Our curriculum is based on 7 program dimensions. We understand that development occurs in all areas of a child’s existence. Therefore, we have devised our curriculum to incorporate the following in order to expo children to many opportunities:
- Communication or linguistic activities – those tasks traditionally associated with pre-academic or academic experiences which allow the child to convey information through non-verbal, vocal, verbal, and eventually written modes.
- Cognitive Activities – classifying objects, putting materials in order along a dimension, colors, numbers, time, volume, etc.
- Spatial Activities – to allow practice in finding one’s way around the environment, formulating mental images of objects and then transforming them into reality.
- Music – to allow the perception and creation of pitch, rhythmic patterns, language, and the appreciation of music.
- Motor Activities –
- Fine motor manipulations, through puzzles, scissors, learning how to use a pencil.
- Gross motor – running, hopping, climbing, dancing, skating, etc.
- Interpersonal Experiences – activities that gain an understanding of other people, how they feel, what motivates them, and how they respect diversity.
- Intrapersonal Experiences – to help children become acquainted with themselves, to gain a sense of identity and a realistic concept of capabilities and potential. Self awareness in emotions, capabilities, and self-care.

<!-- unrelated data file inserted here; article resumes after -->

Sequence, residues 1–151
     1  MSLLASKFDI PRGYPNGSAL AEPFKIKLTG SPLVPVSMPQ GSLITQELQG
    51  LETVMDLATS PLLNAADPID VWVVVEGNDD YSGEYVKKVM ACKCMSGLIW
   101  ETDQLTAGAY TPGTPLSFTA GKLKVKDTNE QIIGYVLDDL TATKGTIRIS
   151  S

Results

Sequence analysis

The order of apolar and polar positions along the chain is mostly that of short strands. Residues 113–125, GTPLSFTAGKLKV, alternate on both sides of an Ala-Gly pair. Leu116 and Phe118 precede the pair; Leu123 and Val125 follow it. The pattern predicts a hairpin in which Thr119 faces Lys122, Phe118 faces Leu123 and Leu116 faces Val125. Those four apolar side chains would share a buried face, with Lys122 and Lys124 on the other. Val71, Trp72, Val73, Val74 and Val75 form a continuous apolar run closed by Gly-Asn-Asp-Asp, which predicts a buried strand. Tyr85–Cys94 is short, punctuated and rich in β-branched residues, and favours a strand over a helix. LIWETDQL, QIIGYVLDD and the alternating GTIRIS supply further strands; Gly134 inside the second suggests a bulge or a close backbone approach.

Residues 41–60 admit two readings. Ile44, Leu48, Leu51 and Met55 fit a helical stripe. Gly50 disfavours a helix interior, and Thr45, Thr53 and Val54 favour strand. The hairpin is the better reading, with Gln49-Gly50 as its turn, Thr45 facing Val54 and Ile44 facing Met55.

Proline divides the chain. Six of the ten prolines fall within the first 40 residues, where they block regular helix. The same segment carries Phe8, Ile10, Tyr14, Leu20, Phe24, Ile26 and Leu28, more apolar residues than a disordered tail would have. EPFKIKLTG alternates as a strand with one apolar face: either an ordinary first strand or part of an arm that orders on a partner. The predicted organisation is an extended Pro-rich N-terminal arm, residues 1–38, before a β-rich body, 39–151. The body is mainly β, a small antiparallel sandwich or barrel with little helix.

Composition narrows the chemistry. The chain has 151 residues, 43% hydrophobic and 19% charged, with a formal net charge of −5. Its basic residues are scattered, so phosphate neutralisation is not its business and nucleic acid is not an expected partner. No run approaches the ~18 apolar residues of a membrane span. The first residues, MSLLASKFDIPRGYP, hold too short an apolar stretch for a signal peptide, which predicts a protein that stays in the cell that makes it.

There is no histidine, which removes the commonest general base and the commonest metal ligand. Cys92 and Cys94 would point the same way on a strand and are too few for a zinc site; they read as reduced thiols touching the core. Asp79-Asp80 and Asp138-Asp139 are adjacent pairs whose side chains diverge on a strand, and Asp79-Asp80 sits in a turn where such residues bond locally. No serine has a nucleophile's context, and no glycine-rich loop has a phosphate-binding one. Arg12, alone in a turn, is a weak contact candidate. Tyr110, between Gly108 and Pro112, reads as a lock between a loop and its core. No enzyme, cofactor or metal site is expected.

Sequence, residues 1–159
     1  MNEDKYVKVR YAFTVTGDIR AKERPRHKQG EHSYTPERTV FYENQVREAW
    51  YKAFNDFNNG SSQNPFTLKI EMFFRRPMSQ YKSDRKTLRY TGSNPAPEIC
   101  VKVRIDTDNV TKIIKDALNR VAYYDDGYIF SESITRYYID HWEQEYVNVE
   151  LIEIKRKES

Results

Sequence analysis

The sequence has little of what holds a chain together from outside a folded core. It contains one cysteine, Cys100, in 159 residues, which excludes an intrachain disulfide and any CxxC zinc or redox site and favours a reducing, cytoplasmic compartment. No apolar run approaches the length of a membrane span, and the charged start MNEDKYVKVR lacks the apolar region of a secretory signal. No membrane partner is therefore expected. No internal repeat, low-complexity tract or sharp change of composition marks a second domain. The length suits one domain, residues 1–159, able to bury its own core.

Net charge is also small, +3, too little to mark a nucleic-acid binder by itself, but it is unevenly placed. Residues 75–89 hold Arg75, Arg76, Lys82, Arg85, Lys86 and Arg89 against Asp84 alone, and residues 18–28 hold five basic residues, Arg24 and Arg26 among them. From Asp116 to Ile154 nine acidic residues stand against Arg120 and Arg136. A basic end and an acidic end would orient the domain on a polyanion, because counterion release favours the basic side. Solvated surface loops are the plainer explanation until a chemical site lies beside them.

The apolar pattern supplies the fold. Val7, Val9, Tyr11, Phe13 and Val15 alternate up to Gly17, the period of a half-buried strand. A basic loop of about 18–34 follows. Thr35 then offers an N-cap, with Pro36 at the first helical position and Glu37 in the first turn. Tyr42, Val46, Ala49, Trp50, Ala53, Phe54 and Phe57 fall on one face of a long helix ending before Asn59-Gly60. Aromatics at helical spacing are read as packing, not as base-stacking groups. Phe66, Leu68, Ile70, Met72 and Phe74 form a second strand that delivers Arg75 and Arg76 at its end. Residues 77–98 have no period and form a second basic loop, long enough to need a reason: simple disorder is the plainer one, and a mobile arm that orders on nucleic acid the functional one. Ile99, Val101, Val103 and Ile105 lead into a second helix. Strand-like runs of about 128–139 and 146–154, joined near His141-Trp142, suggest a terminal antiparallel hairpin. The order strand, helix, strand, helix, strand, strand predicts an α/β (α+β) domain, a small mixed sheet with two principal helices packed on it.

Once we have taken the program dimensions into account, we formulate our curriculum based on the developmental needs of the children. Our developmental curriculum is coordinated with two thematic systems over the course of the school year. One, entitled concentric curriculum, places the initial focus of the activities on the most important person to any child, himself or herself. The focus then shifts to the immediate family, the extended family, the child’s home, his or her neighborhood, and eventually extends through their town, state, country, world, and solar system. The culminating activities for the year return the focus to the individual, the emphasis being on the changes which have occurred, including greater skills the child now possesses. Interwoven with the concentric theme is the seasonal theme. Fall, winter, spring and summer, with all the holidays within.
Thus a strong developmental foundation is integrated to form the basis of planning. Specific activities are chosen which assure the broadest range of developmental expression.